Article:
design aesthetic on display in Thor: Ragnarok.

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While Marvel had Kirby to thank for some of the most fascinating and bizarre aspects of their superhero universe, he didn’t create Thanos.

Thanos was created by writer Mike Friedrich,

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and writer/artist Jim Starlin.

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Both of these artists have had long and storied careers at both Marvel and DC and came into their own in the 70’s and 80’s, reinventing what comics could do and giving us some of the greatest characters and stories today.

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Starlin in particular is the prince of the Marvel cosmic universe, and his resume is only dwarfed by Stan Lee and Jack Kirby themselves.

He helped create Thanos,

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Drax the Destroyer,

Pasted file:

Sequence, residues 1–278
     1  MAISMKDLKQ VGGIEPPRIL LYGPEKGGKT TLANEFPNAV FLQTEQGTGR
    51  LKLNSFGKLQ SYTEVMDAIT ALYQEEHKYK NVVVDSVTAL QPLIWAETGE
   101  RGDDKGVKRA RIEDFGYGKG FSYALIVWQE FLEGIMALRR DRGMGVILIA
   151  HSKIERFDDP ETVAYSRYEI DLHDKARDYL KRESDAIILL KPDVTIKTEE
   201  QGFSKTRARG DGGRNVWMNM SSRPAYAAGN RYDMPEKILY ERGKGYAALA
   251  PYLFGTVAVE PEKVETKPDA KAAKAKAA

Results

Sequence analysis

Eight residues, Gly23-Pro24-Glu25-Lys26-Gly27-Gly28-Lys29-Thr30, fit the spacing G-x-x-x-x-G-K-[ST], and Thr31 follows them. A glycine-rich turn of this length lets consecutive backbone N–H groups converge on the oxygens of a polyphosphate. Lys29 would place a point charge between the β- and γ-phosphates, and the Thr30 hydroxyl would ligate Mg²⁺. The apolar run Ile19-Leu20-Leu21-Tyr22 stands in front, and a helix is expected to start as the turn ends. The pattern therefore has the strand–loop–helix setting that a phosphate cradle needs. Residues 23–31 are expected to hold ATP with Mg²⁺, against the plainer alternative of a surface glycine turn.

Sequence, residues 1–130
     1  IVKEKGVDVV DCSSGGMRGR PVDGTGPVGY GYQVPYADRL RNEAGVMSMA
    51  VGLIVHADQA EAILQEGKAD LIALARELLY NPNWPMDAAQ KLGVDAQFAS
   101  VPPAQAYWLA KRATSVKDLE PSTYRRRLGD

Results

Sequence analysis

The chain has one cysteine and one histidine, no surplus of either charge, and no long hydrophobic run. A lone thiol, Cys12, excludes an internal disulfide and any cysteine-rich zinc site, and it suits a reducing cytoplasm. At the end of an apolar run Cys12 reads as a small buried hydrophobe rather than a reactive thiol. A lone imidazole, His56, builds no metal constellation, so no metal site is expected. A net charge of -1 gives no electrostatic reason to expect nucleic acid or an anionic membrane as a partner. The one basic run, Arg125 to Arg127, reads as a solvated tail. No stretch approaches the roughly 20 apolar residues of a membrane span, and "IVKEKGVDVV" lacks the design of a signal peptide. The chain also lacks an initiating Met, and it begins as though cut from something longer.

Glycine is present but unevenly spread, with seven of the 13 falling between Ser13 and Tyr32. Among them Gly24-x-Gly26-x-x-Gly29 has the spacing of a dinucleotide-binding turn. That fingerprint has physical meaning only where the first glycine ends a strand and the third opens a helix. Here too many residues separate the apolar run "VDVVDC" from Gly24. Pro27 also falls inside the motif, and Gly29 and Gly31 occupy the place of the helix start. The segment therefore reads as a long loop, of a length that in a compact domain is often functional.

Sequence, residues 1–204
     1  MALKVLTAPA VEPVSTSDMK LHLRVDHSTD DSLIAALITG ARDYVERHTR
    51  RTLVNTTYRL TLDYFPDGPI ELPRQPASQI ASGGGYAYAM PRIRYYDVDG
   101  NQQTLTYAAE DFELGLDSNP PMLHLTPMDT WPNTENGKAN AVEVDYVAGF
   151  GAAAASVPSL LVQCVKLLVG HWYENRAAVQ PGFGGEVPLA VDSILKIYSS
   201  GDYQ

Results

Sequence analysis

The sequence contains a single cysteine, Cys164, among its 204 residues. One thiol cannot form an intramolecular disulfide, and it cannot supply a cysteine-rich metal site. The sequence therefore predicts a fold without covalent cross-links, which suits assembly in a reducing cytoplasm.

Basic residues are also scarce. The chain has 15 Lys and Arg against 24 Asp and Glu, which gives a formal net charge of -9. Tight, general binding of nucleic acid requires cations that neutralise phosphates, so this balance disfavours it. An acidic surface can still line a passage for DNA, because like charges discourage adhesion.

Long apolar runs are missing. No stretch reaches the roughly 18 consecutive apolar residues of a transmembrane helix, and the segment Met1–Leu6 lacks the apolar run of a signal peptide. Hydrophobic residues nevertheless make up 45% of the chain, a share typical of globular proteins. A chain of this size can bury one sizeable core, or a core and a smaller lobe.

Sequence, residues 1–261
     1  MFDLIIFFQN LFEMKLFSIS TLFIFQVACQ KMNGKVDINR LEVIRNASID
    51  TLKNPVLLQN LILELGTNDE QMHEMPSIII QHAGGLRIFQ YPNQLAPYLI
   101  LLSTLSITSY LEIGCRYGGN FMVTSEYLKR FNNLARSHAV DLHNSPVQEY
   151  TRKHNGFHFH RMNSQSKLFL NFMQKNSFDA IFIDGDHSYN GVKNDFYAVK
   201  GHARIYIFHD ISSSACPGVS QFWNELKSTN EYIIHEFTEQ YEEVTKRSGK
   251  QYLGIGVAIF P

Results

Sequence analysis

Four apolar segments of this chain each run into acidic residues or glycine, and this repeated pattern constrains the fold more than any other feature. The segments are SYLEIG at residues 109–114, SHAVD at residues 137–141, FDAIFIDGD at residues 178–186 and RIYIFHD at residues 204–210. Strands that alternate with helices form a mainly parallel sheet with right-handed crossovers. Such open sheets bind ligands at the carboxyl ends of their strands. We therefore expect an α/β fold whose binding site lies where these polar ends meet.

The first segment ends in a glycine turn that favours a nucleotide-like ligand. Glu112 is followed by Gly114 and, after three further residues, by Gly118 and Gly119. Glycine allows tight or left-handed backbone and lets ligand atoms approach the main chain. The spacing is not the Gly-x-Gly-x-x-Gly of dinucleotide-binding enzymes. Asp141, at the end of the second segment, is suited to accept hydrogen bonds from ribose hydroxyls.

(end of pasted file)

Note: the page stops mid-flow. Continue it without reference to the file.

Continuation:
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Gamora,

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and he reinvented other heroes which will probably be making appearances in future Marvel movies like Adam Warlock,

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and Captain Marvel (who has a long and interesting story that I’m not going to talk about here, but long story short he was created in the 70’s and was reinvented as a lady in the present day).

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Yes people like Kirby, Friedrich, and Starlin were some of the most prominent and successful names in comics in the 70’s and 80’s, and were responsible for many of our childhood favorites.

And they all hated Marvel with a burning passion.

Long story short, the mega publisher decided to continue the long and sordid history of comic book publishers screwing authors and artists over.  Kirby followed in the footsteps of hundreds of his Golden Age co workers and was famously screwed out of most of the credit and royalties of his work, watching as his co creator Stan Lee would go on to become the biggest name in comics.

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Starlin in particular hates Marvel with the burning passion of a neutron star.